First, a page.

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Benefits of Volunteering as a Family


One of the most important things children learn through volunteering is that their time and individual effort have value.

This is an important counterweight to the materialistic messages that bombard kids today, “Money is king,” or if you do not have a _________, (fill in the blank) you will not be cool, smart, athletic, beautiful or ______ (fill in the blank.)

Having the experience of feeling valuable and a part of something is a natural confidence booster. The feeling is especially relevant if kids feel a meaningful part of something good. Volunteering as a family adds an even deeper dimension to what can be gained.

Many parents today understand the value of kids learning to become a part of a team through participation in team sports. Collaboration is a buzz-word in education these days, and the ability to collaborate is seen as a necessary 21st Century skill. Like sports, volunteerism offers opportunities to work as a part of a team and collaborate with others. Volunteering together as a family builds a sense of teamwork within a family. Unlike an athletics event where parents watch and cheer the action, volunteering as a family offers an opportunity for families to work and learn shoulder to shoulder by putting children and parents on the same team, and gives parents a way of modeling the sense of purpose and achievement to be gained through serving others. Parents who volunteer alongside their children are showing their children that they get something valuable from the effort.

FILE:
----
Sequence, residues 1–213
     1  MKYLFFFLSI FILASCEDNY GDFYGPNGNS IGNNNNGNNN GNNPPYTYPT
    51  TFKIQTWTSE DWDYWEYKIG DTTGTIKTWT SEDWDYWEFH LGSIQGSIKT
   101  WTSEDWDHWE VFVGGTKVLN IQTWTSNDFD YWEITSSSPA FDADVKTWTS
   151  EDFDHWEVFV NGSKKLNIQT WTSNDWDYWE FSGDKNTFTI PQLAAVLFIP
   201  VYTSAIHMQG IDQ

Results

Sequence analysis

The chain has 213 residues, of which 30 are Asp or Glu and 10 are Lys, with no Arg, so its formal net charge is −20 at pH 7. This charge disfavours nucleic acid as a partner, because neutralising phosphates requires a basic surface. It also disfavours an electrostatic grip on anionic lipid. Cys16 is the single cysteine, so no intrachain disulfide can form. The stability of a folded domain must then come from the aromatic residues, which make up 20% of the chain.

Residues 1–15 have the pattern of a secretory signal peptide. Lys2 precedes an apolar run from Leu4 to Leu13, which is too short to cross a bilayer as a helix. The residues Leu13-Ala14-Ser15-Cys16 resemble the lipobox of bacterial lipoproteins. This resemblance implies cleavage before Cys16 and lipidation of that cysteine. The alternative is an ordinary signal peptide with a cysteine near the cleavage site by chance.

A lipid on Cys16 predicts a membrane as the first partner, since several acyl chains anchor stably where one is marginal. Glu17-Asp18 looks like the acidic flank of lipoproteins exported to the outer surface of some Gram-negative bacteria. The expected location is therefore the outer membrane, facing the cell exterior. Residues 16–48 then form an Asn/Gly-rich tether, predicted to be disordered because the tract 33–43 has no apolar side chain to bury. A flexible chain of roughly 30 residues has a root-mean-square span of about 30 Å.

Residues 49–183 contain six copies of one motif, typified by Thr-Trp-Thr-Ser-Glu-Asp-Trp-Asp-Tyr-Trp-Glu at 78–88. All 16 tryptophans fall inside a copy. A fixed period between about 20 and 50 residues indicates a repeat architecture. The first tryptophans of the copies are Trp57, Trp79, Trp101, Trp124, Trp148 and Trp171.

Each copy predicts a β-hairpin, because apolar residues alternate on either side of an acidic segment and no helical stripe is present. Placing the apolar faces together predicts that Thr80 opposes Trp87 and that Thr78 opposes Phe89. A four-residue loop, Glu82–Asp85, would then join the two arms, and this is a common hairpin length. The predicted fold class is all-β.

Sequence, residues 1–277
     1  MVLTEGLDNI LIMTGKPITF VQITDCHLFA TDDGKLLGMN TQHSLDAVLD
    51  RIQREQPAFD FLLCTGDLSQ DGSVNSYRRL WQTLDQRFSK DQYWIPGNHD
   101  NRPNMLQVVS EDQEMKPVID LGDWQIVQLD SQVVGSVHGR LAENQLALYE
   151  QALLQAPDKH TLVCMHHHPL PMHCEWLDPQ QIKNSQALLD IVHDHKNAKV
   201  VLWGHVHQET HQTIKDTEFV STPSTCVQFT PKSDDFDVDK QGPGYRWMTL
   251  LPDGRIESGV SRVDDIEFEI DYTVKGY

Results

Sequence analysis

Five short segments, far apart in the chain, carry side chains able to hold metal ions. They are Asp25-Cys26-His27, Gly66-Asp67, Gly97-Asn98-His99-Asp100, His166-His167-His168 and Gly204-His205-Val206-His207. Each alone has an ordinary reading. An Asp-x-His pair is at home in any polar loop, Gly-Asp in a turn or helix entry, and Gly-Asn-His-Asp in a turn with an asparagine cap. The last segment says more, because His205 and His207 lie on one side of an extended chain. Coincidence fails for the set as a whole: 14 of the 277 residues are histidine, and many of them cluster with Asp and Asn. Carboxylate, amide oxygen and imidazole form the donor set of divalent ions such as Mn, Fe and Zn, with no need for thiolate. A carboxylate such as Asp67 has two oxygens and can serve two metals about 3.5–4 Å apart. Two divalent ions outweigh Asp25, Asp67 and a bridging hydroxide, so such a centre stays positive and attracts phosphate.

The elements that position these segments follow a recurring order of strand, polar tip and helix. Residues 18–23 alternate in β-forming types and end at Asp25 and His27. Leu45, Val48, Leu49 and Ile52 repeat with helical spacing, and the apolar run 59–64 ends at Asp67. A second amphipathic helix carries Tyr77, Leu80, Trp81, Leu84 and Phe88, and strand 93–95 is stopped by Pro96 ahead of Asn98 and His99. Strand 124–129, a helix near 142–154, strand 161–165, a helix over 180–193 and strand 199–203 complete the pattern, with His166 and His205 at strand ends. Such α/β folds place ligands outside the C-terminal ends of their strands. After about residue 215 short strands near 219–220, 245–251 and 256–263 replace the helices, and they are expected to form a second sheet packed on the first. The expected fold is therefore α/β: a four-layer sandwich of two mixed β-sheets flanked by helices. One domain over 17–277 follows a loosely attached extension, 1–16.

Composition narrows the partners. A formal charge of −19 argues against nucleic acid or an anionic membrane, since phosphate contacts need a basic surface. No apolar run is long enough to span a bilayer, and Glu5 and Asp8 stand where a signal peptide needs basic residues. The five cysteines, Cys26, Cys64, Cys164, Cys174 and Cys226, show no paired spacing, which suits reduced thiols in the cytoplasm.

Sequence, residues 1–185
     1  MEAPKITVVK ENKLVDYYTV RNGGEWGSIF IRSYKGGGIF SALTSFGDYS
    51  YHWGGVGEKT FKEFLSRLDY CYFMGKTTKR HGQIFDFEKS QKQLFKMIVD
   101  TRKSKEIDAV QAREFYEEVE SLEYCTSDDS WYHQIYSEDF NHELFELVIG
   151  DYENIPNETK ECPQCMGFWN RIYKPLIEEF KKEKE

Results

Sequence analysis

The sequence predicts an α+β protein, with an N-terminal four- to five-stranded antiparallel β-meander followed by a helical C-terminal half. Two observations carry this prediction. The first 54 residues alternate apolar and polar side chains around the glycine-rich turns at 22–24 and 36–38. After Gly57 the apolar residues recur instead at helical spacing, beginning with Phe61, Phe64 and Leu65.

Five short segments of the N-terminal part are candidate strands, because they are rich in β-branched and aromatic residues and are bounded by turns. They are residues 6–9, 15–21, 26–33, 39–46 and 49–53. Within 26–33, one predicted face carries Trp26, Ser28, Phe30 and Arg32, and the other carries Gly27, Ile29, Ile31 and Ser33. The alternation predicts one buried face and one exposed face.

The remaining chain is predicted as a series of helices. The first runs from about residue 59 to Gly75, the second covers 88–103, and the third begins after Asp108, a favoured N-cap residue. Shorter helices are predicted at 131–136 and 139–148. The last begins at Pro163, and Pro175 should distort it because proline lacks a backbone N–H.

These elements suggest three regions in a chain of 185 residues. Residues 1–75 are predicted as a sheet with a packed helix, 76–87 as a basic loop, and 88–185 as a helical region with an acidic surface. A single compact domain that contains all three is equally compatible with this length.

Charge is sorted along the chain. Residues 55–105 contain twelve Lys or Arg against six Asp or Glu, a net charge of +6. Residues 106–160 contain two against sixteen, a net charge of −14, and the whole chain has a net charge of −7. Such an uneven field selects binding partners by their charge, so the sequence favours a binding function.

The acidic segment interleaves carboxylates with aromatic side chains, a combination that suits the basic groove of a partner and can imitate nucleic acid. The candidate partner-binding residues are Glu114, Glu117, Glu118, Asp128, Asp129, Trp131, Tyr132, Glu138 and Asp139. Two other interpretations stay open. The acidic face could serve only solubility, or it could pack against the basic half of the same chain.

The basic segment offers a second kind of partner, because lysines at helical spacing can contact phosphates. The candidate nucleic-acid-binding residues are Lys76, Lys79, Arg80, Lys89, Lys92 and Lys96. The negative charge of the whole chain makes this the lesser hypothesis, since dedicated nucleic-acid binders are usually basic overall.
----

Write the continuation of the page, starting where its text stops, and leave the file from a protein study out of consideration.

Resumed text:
In her article Laughing and Learning Together: 
What is Family Learning? Lynn Dierking writes, “… since the way humans make sense of much of their world is through group interaction, conversations, gestures, emotions, and watching others, the notion of a family learning together does make sense. The very first learning group a person belongs to is her family and this group is so important that anthropologists, sociologists and social psychologists refer to the family as an educational institution, similar to a museum or school but without the bricks and mortar.”

The holidays are a particularly relevant time to volunteer because doing so shifts focus from “getting” to “giving.” Volunteering during the holidays offers an alternative to finding ones self-esteem because of what one might or might not have materially, and it helps others during a time when they often need it the most. Many young people discover a sense of purpose through volunteer work. Perhaps you could introduce your child to something that will personally resonate by volunteering together during the holidays this year. At the very least, your family could discover the value and confidence that comes from being a meaningful part of doing something good together.

[AUTHOR: Hilary Doubleday]

November 13, 2014

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